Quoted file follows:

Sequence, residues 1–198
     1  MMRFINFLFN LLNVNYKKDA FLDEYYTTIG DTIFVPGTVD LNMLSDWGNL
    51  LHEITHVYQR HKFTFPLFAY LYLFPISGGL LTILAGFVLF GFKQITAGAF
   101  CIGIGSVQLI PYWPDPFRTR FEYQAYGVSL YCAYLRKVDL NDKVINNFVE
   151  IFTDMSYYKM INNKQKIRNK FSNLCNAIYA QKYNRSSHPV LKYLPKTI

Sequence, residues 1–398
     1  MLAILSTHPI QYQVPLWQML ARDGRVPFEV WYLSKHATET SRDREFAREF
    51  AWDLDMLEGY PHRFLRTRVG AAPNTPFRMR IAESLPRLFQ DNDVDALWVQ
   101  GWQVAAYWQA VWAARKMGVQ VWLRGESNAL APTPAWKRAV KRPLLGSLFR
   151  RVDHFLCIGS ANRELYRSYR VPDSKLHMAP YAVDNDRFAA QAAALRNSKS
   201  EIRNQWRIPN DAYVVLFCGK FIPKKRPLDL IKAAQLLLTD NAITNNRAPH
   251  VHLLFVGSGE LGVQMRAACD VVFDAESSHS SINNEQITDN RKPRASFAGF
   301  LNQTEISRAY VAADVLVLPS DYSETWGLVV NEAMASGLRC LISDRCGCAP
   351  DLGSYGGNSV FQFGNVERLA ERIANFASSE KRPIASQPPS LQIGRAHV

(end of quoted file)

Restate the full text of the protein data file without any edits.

Sequence, residues 1–198
     1  MMRFINFLFN LLNVNYKKDA FLDEYYTTIG DTIFVPGTVD LNMLSDWGNL
    51  LHEITHVYQR HKFTFPLFAY LYLFPISGGL LTILAGFVLF GFKQITAGAF
   101  CIGIGSVQLI PYWPDPFRTR FEYQAYGVSL YCAYLRKVDL NDKVINNFVE
   151  IFTDMSYYKM INNKQKIRNK FSNLCNAIYA QKYNRSSHPV LKYLPKTI

Sequence, residues 1–398
     1  MLAILSTHPI QYQVPLWQML ARDGRVPFEV WYLSKHATET SRDREFAREF
    51  AWDLDMLEGY PHRFLRTRVG AAPNTPFRMR IAESLPRLFQ DNDVDALWVQ
   101  GWQVAAYWQA VWAARKMGVQ VWLRGESNAL APTPAWKRAV KRPLLGSLFR
   151  RVDHFLCIGS ANRELYRSYR VPDSKLHMAP YAVDNDRFAA QAAALRNSKS
   201  EIRNQWRIPN DAYVVLFCGK FIPKKRPLDL IKAAQLLLTD NAITNNRAPH
   251  VHLLFVGSGE LGVQMRAACD VVFDAESSHS SINNEQITDN RKPRASFAGF
   301  LNQTEISRAY VAADVLVLPS DYSETWGLVV NEAMASGLRC LISDRCGCAP
   351  DLGSYGGNSV FQFGNVERLA ERIANFASSE KRPIASQPPS LQIGRAHV